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Is “Fitspiration” Giving You Fits? Examining Social Media and Body Image

Doctorpedia Editorial Team Doctorpedia Editorial Team Mar 24, 2020
Medically reviewed by Susan Kerrigan, MD and Marianne Madsen

Whenever you’re doing one of your daily tasks and have a free hand, there’s a good chance that you’ll pull out your phone, open Instagram or Facebook, and start scrolling. If you’re trying to get healthy, you might be looking for some ‘fitspiration’ in your feed. But the question is–is this habit really helping you? Will looking for ‘fitspiration’ motivate you to make healthier choices? Scientists have started examining the effects of social media on body image, and it could be making you feel worse about your body.

 

Social media is a fairly new phenomenon, and it’s still not clear how our interactions on the various platforms will affect us in the long-term. While there are great benefits to being more connected with others, it can potentially lead to a ‘preoccupation and focus on physical appearance.’ Although this can particularly affect women, who tend to post more frequently than men, data has shown that for both men and women, social media use can lead to greater self objectification and lower self esteem. There even appears to be an emerging correlation between unhealthy social media use and eating disorders, although more research is needed to prove the connection.

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Our Relationship With Social Media

Our Relationship With Social Media

Of course, one of the strengths of social media is the ability to create a community around a topic or activity. Although you would think that a community focused around living a healthy lifestyle would be helpful, it’s been found that accounts featuring ‘fitspiration’ content are associated with ‘less body satisfaction’ and a focus on appearance instead of health for both men and women. These accounts tend to feature people with a fit and idealized body looking fabulous and exercising (or simply posing as if they are exercising!).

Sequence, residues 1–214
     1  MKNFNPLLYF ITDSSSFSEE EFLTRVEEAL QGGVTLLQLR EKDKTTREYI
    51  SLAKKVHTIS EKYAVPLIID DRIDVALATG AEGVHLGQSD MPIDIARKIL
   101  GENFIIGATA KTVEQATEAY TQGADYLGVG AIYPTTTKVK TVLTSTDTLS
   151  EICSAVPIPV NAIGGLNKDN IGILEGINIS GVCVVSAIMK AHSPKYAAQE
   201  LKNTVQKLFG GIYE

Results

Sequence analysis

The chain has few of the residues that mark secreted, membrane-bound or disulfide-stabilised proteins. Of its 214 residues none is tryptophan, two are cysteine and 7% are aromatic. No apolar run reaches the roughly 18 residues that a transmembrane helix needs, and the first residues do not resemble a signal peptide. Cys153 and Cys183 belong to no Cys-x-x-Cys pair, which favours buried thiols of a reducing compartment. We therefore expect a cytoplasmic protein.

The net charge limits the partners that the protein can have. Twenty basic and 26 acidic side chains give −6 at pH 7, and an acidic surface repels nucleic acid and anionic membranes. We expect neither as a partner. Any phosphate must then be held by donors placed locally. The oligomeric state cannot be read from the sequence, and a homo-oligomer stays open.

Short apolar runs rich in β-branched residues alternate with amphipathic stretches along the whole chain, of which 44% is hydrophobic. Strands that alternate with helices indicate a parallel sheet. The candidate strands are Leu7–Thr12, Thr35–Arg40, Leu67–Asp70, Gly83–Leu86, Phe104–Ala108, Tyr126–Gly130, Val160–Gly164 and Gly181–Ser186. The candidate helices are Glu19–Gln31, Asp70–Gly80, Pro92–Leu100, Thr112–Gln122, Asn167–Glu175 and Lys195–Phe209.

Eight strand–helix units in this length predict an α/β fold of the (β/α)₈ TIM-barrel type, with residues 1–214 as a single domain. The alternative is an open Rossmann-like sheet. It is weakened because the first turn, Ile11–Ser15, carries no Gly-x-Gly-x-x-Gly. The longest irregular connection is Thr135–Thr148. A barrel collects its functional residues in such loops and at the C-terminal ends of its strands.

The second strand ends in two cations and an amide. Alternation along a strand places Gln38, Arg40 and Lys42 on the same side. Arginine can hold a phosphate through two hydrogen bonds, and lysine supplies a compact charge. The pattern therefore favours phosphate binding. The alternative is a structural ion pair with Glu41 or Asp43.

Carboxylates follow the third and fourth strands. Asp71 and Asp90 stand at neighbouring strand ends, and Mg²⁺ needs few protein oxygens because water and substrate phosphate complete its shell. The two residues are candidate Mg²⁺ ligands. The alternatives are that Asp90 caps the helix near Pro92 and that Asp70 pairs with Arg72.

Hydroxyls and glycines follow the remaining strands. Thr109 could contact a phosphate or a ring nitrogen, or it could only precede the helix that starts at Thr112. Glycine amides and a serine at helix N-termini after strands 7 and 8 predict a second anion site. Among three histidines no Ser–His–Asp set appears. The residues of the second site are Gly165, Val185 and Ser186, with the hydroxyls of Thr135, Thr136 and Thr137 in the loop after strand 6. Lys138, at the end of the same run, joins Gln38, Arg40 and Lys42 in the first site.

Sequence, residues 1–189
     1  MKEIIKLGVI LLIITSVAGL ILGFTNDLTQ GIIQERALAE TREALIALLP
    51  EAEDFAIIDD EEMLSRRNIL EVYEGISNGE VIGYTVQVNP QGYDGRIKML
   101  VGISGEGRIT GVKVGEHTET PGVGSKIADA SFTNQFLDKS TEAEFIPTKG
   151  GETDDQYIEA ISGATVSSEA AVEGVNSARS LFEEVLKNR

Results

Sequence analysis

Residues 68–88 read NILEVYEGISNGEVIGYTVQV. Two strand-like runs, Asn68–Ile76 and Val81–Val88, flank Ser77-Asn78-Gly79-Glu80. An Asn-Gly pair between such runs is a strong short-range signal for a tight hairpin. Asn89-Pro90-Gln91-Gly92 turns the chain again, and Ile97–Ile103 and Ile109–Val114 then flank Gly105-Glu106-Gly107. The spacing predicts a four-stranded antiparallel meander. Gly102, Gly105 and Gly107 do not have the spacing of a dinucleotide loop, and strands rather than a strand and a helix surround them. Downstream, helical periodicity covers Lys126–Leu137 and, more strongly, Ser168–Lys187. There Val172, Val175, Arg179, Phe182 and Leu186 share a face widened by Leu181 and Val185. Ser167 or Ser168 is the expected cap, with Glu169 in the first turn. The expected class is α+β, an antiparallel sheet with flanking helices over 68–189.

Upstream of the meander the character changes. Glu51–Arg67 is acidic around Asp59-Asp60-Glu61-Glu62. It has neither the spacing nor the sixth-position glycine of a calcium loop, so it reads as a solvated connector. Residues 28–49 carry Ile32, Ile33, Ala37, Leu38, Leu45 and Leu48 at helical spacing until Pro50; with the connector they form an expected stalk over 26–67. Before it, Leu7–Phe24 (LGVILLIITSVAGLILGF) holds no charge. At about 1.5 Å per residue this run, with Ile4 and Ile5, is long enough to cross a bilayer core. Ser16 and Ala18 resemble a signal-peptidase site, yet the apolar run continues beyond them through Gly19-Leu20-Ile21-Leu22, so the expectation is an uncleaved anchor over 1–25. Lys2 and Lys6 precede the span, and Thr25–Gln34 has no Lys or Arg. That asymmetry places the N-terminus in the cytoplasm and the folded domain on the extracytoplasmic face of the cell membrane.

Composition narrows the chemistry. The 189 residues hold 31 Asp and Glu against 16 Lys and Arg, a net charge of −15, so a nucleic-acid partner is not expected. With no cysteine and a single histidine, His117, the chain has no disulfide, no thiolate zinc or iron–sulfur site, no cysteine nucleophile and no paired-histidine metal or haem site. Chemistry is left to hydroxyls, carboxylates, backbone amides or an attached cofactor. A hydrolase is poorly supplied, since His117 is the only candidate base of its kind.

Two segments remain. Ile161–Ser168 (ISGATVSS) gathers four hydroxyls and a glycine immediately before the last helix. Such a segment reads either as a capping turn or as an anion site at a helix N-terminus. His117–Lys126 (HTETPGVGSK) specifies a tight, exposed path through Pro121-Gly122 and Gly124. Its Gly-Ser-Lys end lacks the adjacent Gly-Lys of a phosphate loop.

The effects of these ‘fitspiration’ accounts on your psyche also depend on whose images you are viewing. If you are looking at pictures of family and close friends, you have a fuller picture of their lives and know that there is more than the filtered version of their bodies and experiences–making it easier to cut yourself some slack when you don’t quite measure up. But when seeing the pictures of celebrities and people in your outer circle, you’re often just seeing the perfect parts, and it’s easy to forget how very imperfect their lives may be when the camera is turned off. 

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Body Image

Body Image

There is a movement on Instagram called ‘Instagram vs Reality.’ A user will post an idealized version of a photo–perfectly positioned, filtered, and photoshopped–contrasted with a ‘real’ photo so users can see the difference. The comparison is often amusing but can serve a wakeup call to the fact that idealized photos are often not reality. There is also a movement towards body positivity–accounts and posts that promote embracing your body and all of its so-called imperfections. Although there are a lot of healthy messages posted by these accounts and studies have found that viewing these posts can lead to more positive body appreciation, there still tends to be an increase in overall self-objectification.

 

So if we don’t want to go through our day feeling low or less-than perfect, what’s the game plan? For many, the only real answer is to remove, unfollow, or be discerning. For anyone struggling with body image sensitivities, it’s so important to make sure that your feed reflects positive messages–whether that’s following accounts that are not focused around the body or unfollowing accounts of celebrities marketing themselves or selling products using their bodies. Try not to compare yourself to others, and don’t speak negatively about your body.  And most importantly: make sure to get off social media once in a while and see life through the lens of the real world with all of its shapes, colors, and sizes!

References

 

  • Jennifer S. Mills, Sarah Musto, Lindsay Williams, Marika Tiggemann, “Selfie” harm: Effects on mood and body image in young women, Body Image, Volume 27, 2018, Pages 86-92, ISSN 1740-1445, https://doi.org/10.1016/j.bodyim.2018.08.007., (http://www.sciencedirect.com/science/article/pii/S1740144517305326)
  • Grace Holland, Marika Tiggemann, A systematic review of the impact of the use of social networking sites on body image and disordered eating outcomes, Body Image, Volume 17, 2016, Pages 100-110, ISSN 1740-1445, https://doi.org/10.1016/j.bodyim.2016.02.008., (http://www.sciencedirect.com/science/article/pii/S1740144516300912)
  • Fatt, S. J., Fardouly, J., & Rapee, R. M. (2019). #malefitspo: Links between viewing fitspiration posts, muscular-ideal internalisation, appearance comparisons, body satisfaction, and exercise motivation in men. New Media & Society, 21(6), 1311–1325. https://doi.org/10.1177/1461444818821064
  •  Cohen, R., Fardouly, J., Newton-John, T., & Slater, A. (2019). #BoPo on Instagram: An experimental investigation of the effects of viewing body positive content on young women’s mood and body image. New Media & Society, 21(7), 1546–1564. https://doi.org/10.1177/1461444819826530
  • King University Online: The Link Between Social Media and Body Image

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